A developer of microprocessors featuring a proprietary architecture says its Prodigy Universal Processors can outperform chips from Intel and Nvidia on HPC and AI workloads. Furthermore, they can run code designed for other architectures using dynamic binary translator without any performance degradation.
Emulating x86, Arm, and PowerPC using general-purpose CPU hardware is something that chipmakers has done for years, but with substantial performance degradation that was prohibitively high when compared to execution on native hardware.
In fact, in the consumer space only Apple managed to successfully emulate PowerPC using Intel’s x86 processors in the second half of 2000s, but to a large degree Apple’s Rosetta dynamic binary translator was so successful because Intel’s processors at the time were considerably more advanced than those based on the PowerPC architecture.
One CPU for every workload
But Tachyum claims that its software emulation technology is so efficient that its Prodigy Universal Processor can run Arm and RISC-V code better when compared to modern processors based on these architectures. Furthermore, it can run x86 code well enough to run legacy applications, says Tachyum.
Tachyum’s Prodigy are homogeneous CPUs with up to 128 cores based on proprietary architecture that can run different types of workloads (AI, HPC, datacenter, etc.) seamlessly, reducing complexity of software development and hardware architecture.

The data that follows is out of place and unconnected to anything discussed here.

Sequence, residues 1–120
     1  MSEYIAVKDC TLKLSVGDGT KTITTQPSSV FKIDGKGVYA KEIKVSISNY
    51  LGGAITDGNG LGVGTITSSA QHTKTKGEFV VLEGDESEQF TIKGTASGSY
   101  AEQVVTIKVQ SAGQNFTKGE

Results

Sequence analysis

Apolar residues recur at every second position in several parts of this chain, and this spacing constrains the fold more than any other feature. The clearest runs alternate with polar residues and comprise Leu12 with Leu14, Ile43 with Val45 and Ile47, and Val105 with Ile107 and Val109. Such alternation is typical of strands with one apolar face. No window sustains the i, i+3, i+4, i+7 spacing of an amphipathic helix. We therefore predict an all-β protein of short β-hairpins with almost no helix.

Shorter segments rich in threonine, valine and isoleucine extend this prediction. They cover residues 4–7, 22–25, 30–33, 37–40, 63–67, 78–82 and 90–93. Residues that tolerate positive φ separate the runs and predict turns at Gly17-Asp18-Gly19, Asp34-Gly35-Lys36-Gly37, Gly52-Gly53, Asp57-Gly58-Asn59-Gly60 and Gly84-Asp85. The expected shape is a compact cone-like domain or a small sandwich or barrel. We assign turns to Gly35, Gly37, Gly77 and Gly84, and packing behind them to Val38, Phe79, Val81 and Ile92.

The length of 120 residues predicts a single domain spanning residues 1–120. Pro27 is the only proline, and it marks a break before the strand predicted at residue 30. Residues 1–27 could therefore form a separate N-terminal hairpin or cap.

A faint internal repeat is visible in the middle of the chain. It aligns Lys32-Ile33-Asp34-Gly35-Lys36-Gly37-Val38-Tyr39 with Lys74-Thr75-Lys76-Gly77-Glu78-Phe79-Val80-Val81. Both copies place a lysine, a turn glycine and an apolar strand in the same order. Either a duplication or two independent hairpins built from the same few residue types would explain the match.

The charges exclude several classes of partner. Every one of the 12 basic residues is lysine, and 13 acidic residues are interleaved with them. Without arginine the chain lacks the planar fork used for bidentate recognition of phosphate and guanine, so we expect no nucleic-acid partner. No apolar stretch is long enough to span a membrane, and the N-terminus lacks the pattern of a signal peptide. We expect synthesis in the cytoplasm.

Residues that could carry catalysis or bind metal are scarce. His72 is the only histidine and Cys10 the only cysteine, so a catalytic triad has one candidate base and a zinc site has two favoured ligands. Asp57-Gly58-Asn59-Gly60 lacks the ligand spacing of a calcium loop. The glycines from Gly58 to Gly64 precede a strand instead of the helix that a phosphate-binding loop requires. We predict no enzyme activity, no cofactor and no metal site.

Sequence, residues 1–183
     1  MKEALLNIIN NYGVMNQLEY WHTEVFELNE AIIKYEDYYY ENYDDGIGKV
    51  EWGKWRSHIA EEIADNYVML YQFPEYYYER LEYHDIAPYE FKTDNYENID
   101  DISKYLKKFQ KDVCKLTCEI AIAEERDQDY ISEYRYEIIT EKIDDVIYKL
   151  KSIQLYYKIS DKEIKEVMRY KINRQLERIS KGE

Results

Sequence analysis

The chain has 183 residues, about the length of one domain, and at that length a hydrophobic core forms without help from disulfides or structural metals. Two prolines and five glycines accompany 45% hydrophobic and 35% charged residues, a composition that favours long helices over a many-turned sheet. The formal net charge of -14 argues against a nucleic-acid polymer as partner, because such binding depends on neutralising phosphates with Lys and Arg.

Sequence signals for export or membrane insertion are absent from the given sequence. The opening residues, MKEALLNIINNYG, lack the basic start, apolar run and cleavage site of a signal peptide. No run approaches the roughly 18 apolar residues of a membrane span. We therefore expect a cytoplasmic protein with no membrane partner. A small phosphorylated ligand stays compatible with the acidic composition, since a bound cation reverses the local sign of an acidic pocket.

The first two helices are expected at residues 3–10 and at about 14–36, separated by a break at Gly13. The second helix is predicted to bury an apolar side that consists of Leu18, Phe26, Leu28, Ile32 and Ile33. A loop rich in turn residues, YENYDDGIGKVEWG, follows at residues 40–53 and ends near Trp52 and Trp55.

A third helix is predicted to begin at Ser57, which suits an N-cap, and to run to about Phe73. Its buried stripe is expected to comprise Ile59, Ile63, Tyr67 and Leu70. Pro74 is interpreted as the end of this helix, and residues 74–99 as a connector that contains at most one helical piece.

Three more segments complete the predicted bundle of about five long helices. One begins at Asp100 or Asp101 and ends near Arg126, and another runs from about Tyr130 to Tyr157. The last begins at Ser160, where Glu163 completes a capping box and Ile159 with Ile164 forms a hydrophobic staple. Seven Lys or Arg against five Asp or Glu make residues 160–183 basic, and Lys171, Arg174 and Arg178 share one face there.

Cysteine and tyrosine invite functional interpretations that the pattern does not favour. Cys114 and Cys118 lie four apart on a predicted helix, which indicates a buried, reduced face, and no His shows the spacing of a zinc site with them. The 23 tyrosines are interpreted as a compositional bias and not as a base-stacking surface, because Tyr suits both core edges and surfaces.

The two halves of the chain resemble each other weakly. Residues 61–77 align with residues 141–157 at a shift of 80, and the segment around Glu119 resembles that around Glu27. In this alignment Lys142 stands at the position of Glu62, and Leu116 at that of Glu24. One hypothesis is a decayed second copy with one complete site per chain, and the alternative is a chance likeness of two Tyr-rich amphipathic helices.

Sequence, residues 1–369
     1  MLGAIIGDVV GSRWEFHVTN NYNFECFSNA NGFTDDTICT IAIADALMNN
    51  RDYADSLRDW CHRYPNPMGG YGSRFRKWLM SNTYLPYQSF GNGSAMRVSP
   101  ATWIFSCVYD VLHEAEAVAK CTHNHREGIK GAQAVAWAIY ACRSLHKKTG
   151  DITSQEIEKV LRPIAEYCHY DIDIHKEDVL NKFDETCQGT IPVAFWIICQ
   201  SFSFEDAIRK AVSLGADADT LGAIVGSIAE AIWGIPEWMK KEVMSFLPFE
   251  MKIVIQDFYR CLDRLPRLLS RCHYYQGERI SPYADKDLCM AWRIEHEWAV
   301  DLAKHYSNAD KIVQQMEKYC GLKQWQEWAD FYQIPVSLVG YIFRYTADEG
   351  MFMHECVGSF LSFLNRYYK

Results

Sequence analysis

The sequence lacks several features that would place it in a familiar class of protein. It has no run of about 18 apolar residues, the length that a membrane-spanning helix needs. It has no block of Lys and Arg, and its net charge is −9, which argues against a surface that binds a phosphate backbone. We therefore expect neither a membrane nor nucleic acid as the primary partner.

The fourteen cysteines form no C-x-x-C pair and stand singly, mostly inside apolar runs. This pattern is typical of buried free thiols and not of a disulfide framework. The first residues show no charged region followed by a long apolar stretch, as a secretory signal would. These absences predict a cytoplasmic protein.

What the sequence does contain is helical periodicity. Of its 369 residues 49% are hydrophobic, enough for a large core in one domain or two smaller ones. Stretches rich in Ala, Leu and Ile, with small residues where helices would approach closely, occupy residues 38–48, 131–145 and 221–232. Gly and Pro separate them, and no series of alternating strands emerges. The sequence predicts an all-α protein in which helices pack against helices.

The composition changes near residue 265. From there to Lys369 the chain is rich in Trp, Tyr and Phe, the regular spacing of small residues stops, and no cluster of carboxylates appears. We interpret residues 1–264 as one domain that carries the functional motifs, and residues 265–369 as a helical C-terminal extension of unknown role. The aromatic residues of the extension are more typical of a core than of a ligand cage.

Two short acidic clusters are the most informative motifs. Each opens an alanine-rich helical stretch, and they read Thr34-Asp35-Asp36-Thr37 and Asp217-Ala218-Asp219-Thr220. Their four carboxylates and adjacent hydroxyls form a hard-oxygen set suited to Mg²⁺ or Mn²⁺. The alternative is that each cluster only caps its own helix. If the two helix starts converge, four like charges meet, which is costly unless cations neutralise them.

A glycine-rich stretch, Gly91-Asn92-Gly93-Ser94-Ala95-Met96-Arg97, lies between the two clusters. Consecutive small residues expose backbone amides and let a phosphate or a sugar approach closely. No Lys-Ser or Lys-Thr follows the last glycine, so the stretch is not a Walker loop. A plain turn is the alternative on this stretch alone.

According to the developer, when Prodigy runs native code, it can outperform the fastest Intel Xeon processors at 10 times lower power as well as leave behind Nvidia’s A100 GPUs in HPC, AI training, and inference tasks. Tachyum says that 125 HPC Prodigy racks can deliver 32 tensor EXAFLOPS of performance, though does not disclose the number of Prodigy processors required as well as their expected power consumption.
One of the interesting implications of universal processors like Tachuym’s Prodigy that can be used for different workloads is that hyperscalers like Amazon Web Services or Google can use them more broadly than systems based on traditional processors and hardware accelerators such as GPUs. As a result, they can earn more money and reduce their maintenance costs.
Tachuym’s Prodigy Universal Processors are not quite here. The company uses field programmable gate arrays to emulate the chips and currently does not have a fully-functional FPGA prototype.
At present, Tachyum lists a lineup of CPU models at its website, though it does not seem that any of the chips can be purchased. Tachyum expects to tape out its Prodigy later this year (i.e., send photomasks to the fab) and then begin volume production of the CPUs sometimes in 2021.